Muslim countries are able to solve their problems on their own, the Turkish president believes. He says far from offering help, the West is actually exploiting “conflicts in the Middle East” and only cares about the region’s riches.
A ‘unilateral decision’ was taken by OPEC not to cut production and to leave the daily output ceiling unchanged at 30 million barrels, despite a major oversupply that has caused oil prices to fall more than 30%.
A Russian Proton-M rocket with an advanced satellite on board crashed outside of Kazakhstan's territory on Friday, about nine minutes after lift-off. The Express-AM4R would have been Russia’s most advanced and powerful satellite.
US Secretary of State John Kerry has said that the US and its allies will expand their support to the Syrian opposition. Kerry’s comments come after a US general said the Syrian rebels do not have the means to defeat President Assad.
US-Russian talks on Ukraine have not ironed out the two countries’ differences, with Washington saying it won’t recognize the results of the Crimean referendum and warning of Russia sanctions, and Moscow reiterating it will respect the republic’s choice.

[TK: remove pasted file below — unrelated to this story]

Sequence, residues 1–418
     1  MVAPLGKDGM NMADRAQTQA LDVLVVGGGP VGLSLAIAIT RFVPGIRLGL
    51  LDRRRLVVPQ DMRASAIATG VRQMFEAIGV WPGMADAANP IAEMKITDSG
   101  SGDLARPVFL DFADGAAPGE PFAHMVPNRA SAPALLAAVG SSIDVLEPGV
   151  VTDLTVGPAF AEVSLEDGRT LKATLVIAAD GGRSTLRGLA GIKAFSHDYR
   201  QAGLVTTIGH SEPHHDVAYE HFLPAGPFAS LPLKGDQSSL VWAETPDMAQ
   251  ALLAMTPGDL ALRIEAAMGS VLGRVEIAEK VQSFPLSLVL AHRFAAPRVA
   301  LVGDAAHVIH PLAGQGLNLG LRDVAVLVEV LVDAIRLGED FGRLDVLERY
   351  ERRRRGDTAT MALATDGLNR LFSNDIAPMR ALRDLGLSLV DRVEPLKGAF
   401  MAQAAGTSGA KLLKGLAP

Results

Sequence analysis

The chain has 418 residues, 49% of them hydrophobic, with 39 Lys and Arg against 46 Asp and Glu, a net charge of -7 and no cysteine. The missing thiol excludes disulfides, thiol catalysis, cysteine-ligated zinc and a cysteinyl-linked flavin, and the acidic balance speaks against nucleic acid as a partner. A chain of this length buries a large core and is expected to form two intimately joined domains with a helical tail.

The nearly 2-kilometer-long Sochi track can become the longest ever in the world for bobsleigh, luge and skeleton. The track is going through “polishing” and soon it will become a place where all ice and speed skaters will be chasing their dreams.
A delegation of Russia’s high-ranking diplomats and representatives of the judicial system has in an unprecedented move visited the Guantanamo Bay prison, as Moscow has stepped up efforts to secure release of the only Russian national there.
At least 21 people, mainly foreigners were killed in a suicide bomb attack which targeted a popular Lebanese restaurant in the diplomatic quarter in central Kabul, police said. The IMF confirmed that one of its representatives is among the dead.
President Barack Obama announced as expected on Friday a major overhaul to some of the National Security Agency’s most disputed surveillance operations seven months after they was first exposed, reining in the metadata collection program among others.
The majority of Americans oppose keeping the NSA’s current surveillance programs the way they are, with 57 percent of respondents in a new poll saying they have “no confidence” that the government won’t abuse the collected data.
Schools in the UK used biometric technology to gather the fingerprints of over 800,000 pupils between 2012 and 2013, a watchdog has found. In 31 percent of schools, children were roped into giving their fingerprints without parental consent.